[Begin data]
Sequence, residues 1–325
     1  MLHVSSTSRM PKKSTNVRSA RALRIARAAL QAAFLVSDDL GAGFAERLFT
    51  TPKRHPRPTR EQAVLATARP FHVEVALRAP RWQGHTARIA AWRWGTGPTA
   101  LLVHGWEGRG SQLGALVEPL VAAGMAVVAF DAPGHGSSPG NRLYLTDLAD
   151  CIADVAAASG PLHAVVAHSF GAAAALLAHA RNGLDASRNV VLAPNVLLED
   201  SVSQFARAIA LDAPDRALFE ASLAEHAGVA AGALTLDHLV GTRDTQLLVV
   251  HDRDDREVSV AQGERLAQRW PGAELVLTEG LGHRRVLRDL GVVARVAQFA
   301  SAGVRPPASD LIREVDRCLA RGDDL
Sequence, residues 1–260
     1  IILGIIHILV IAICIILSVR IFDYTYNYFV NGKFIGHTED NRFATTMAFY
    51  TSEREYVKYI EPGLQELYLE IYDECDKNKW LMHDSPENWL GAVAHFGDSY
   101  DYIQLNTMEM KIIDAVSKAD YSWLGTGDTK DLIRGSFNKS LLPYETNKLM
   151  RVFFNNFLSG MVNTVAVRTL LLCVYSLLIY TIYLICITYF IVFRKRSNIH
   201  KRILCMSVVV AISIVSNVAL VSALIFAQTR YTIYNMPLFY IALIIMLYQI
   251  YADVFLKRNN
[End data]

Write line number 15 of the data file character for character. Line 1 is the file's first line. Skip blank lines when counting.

   251  YADVFLKRNN